Exercise and Winter
We recently experienced the first snow storm of the season, and snow lovers throughout the Northeast could not wait to get outside and enjoy every inch of it. It was the perfect weekend to break out the snow gear and have some fun. Those who were snow plowing, shoveling and digging out may not necessarily agree, but after the work was done, they too hopefully joined in for the good times. There were hills to sled down, snowmen to build, snowball fights to be had, forts to create, and ski slopes to get too. It was a physically active weekend filled with non-stop exercise.
The winter months can make exercise a bit challenging. As the weather gets colder, the desire to hibernate and stay indoors increases. Cozying up in front of the television or with a good book becomes appealing as the temperatures drop. But though this season typically brings a decrease in motivation to stay physical activity, it’s important to do our best to exercise and keep our immune system ready to fight off the colds and flu that more frequently occur as we all head indoors.
The American Heart Association recommends that children and adolescents participate in at least 60 minutes (30 minutes for adults) of moderate to vigorous physical activity every day. Meeting this recommendation has been associated with an increase in life expectancy and a decreased risk of cardiovascular disease. Research shows that it also produces overall physical, psychological and social benefits. So, how do we encourage everyone to get up and moving when it’s so comfortable to stay warm in front of the television, video games or on the phone?
Back to the recent snowstorm…getting everyone moving was easy. It was exciting to see the snow coming down, and kids couldn’t wait to get outside. The hours spent sledding down and climbing back up the hill, for the hundredth time, was a workout like no other. Building forts and digging tunnels got every muscle moving. Skiing, snowboarding and ice skating was surely burning calories galore. But even when the snow has melted, there is still so much we can do to keep kids and ourselves moving throughout the winter months.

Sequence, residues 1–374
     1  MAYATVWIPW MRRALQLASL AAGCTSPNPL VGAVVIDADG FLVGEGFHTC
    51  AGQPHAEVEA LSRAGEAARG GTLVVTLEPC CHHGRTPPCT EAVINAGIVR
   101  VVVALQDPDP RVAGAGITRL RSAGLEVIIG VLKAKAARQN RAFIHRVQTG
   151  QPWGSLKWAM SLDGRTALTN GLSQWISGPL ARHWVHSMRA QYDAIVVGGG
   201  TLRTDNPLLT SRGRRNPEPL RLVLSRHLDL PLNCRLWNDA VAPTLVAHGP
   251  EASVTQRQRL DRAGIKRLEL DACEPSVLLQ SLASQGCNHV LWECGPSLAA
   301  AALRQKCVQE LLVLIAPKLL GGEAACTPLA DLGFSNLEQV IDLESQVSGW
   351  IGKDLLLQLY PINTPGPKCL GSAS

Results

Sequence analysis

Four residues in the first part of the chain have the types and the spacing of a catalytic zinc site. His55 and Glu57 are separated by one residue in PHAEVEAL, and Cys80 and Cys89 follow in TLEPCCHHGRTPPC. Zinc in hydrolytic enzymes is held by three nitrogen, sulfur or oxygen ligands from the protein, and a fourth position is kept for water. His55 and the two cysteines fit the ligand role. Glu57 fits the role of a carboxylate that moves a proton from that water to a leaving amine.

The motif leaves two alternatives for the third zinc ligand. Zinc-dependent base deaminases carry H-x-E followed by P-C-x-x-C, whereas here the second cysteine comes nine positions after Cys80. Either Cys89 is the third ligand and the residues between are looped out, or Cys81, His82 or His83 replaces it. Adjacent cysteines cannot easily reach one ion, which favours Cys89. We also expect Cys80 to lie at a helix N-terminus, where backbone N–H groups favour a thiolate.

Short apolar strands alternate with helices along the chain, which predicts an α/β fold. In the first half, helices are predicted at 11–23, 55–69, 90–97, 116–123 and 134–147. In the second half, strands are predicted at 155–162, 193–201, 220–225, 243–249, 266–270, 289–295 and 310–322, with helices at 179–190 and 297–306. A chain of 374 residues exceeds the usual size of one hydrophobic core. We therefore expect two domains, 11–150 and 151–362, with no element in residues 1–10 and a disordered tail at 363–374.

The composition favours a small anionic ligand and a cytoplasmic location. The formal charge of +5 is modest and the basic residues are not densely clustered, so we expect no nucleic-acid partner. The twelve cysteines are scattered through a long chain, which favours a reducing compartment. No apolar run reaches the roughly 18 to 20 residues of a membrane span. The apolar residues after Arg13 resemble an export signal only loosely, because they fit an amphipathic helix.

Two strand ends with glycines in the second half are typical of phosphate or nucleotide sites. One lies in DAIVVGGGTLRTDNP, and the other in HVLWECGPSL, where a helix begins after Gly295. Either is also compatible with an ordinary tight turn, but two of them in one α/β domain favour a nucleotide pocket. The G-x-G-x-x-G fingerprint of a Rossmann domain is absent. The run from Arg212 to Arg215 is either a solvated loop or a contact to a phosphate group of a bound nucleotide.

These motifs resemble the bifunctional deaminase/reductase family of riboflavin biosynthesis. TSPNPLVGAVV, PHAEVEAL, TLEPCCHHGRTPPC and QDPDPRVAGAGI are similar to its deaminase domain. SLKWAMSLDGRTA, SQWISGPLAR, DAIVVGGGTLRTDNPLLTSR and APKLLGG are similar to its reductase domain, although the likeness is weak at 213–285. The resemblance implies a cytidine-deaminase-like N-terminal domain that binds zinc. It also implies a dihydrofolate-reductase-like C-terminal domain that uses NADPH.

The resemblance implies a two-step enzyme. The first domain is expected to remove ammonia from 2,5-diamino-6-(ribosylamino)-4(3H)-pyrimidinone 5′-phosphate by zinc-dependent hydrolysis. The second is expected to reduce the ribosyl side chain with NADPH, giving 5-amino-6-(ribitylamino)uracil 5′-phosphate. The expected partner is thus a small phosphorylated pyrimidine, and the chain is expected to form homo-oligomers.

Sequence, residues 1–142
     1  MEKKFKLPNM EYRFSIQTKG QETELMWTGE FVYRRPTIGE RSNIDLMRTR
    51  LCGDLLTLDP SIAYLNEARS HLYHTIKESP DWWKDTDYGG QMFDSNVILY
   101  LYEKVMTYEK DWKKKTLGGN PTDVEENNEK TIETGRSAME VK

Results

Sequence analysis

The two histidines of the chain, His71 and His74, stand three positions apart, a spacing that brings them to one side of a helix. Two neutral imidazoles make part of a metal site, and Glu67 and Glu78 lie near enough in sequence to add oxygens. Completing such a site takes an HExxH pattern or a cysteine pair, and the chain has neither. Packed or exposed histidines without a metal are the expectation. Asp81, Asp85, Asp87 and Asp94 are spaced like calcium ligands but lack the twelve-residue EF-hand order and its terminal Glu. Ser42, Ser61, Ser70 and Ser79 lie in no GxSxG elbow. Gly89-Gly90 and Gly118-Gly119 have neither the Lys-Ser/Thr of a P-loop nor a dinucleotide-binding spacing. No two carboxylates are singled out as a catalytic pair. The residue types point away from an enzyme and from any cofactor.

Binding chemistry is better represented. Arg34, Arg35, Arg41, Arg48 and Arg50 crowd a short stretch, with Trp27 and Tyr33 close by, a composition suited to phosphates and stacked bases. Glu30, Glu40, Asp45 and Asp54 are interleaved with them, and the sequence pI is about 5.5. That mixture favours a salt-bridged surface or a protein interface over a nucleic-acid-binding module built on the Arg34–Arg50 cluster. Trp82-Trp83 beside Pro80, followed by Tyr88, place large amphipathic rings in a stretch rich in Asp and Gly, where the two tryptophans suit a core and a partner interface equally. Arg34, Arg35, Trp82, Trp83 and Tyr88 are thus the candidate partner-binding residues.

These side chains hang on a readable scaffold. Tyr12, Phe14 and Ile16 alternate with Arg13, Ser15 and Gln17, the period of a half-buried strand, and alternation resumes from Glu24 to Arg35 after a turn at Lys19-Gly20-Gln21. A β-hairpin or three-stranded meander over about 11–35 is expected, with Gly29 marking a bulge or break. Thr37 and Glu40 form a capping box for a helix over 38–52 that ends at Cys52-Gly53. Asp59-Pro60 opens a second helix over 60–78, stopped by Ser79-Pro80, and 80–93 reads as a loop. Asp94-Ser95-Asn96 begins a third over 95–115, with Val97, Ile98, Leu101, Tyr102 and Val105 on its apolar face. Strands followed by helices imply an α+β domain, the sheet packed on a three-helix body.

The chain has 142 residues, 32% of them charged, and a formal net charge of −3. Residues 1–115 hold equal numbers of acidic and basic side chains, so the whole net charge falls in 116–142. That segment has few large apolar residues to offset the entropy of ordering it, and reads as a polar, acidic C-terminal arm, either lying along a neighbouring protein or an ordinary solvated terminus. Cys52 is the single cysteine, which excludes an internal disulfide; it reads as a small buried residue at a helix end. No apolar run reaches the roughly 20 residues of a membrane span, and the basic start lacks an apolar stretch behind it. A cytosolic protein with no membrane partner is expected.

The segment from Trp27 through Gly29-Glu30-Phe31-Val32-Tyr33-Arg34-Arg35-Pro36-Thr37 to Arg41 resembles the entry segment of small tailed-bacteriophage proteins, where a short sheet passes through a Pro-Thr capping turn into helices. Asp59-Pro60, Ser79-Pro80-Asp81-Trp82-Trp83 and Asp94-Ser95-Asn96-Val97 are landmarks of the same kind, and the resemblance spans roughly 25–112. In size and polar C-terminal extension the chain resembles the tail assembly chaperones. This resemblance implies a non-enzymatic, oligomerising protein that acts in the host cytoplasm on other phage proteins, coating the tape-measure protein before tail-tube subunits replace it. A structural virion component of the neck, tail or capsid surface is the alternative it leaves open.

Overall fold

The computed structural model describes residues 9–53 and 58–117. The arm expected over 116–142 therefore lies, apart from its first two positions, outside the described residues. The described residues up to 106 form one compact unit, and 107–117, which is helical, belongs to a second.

There are many indoor activities that are available to keep to the AHA’s recommendation of physical activity. There are indoor basketball, soccer, tennis, fitness and swimming facilities. Kids can join a team or just participate in individual classes to keep active. Families can go bowling, ice skating, or to a local trampoline place for a workout that will definitely get the heart pumping. And if it’s just too difficult to leave the warmth of your home, there are an endless number of active video game options that can get everyone on their feet and building their strength and endurance.
Don’t wait for the warmer weather or camp season to stay active, physical activity is important all year long. It brightens mood, strengthens the body, controls weight, improves the immune system, promotes better sleep, keeps you social and provides a great deal of fun. Physical activity has also been shown to develop self-esteem and confidence. So no matter what the temperature is outside, find something active to do every day.